·         From establishing the need for a new law to its being passed, at every stage of the process the voice of the citizen is a crucial element. The voice can be heard- through
T.V. reports, newspaper editorials, radio broadcasts and local meetings.
·       We should elect our representatives to Parliament carefully. Then we should use newspapers and the media to chart the work that is being done by our M.P.s and critic their actions when we feel it is required.
·       Our involvement and enthusiasm helps  Parliament  perform  its  representative functions properly.
·       Citizens can oppose the bills introduced in Parliament by organizing a press conference.
·       Citizen can protest, campaign or show solidarity against the laws which they feel are just and unfair.

Understanding Laws NCERT Class 8 Social and Political life Extra Questions

Mention the different categories under which Law can be classified.
Some of the categories under which law can be classifies are…
Criminal law
Contract Law
Property Law
International law
Equity and Trust Laws
Write a short note on Lady Justice.
Lady Justice or Justitia is the Roman Goddess of Justice. It is a personification of the moral force that underlies the legal system. Her blindfolded eyes symbolize equality under the law and impartiality towards all the people who are governed by it. The weighing scales represent the balancing of people’s interests under the law, and her sword denotes the law’s force of reason.
Mention some of the common laws that govern us.
Some of the common laws that govern us are…
The age at which a person can vote
Specific age for marriage
Laws governing the selling and buying of property
What is a constitution?
A Constitution is a document outlining the basic laws or principals by which a country is governed.
State Article 14 of the Indian constitution
Article 14 – Equality before law.—The State shall not deny to any person equality before the law or the equal protection of the laws within the territory of India.
How was the system of law during ancient times in India?
In ancient India, there were countless and overlapping local laws. Different communities were given the liberty to enforce the laws according to their need. In some cases, the punishment that two persons received for the same crime varied depending on their caste. The lower castes were punished more harshly.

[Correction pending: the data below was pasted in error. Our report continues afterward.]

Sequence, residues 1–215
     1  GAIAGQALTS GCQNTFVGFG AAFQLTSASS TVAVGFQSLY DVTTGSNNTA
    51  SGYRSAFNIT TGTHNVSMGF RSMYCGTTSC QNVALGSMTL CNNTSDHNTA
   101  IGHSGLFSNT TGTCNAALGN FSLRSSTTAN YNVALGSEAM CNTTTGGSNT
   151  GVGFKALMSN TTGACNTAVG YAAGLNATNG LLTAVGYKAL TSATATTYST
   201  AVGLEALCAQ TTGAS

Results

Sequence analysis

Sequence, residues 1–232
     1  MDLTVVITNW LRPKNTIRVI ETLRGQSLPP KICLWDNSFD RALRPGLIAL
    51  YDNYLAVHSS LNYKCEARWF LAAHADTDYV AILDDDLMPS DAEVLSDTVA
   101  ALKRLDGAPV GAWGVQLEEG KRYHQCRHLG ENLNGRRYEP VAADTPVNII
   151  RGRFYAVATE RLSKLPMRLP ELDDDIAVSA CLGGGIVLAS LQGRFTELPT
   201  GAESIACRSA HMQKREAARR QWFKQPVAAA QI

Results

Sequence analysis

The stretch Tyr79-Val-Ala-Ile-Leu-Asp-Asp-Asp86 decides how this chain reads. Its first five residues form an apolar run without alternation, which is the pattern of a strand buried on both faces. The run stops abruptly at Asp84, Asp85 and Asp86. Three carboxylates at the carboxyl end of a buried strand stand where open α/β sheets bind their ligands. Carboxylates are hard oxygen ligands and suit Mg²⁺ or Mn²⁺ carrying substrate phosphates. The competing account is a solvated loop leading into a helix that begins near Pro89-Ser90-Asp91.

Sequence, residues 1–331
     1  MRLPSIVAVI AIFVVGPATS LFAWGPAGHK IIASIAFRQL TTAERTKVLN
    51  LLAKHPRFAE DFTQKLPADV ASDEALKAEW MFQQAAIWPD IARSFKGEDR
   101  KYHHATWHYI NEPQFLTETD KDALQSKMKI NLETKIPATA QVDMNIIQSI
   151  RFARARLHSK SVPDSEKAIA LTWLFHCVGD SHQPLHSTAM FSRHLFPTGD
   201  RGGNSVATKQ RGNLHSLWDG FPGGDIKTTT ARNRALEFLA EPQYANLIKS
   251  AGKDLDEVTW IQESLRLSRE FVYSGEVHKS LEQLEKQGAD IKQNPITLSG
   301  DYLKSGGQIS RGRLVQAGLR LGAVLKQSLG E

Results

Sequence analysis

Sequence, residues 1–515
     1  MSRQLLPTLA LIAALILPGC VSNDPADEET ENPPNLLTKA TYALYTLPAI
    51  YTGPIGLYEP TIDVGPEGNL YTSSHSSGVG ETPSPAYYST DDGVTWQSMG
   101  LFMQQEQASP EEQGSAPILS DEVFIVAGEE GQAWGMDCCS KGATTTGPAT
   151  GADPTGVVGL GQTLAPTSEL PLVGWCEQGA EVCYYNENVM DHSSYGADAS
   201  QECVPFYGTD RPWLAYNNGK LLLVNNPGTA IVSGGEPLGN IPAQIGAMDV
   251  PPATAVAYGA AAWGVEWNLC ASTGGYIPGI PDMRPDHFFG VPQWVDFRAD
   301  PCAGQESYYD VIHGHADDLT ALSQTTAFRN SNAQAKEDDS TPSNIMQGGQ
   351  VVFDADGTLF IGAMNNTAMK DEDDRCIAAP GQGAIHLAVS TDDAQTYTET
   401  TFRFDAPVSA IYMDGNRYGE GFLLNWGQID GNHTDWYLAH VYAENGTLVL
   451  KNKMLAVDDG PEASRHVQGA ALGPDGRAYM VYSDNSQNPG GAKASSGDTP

When was the Hindu Succession Amendment Act revised?
The Hindu Succession Amendment Act was revised in 2005.
What was the Sedition Act?
According to the Sedition Act of 1870 any person protesting or criticising the British government could be arrested without due trial.
Write a brief note on the Rowlatt Act.
The Rowlatt Committee was a Sedition Committee appointed in 1918 by the British Indian Government with Mr. Justice Rowlatt, an English judge, as its president.
The Rowlatt Act, also known as the Black Act, was instituted on the Rowlatt Committee’s recommendations. It had a significant impact on the political situation of India, placing her on a path of political movement headed by Gandhi that ultimately dominated the Indian Independence movement for the next 20 years. The Act gave the Viceroy’s government powers to quell sedition by silencing the press, detaining the political activists without trial, and arresting without warrant any individuals suspected of sedition or treason. In protest, a nationwide cessation of work was called, marking the beginning of widespread, although not nationwide, popular discontent.
The agitation unleashed by the Act culminated on 13 April 1919, in the Jallianwala Bagh massacre in Amritsar, Punjab.
How is a new law introduced in Parliament?
Parliament of India consists of the President and two Houses—the Council of States or the Rajya Sabha and the House of the People or the Lok Sabha.
A Bill can be introduced in either House of Parliament. A Bill introduced by the Minister is known as Government Bill and a Bill introduced by a private member is known as Private Member’s Bill.
The procedure for the passage of the Bills is similar in both the cases. A Bill has to pass through three stages in each House of Parliament and receive Presidential assent before it becomes an Act of Parliament. In the event of a deadlock between the two Houses on a Bill, the issue is resolved at a joint sitting of the two Houses.

Courtesy : CBSE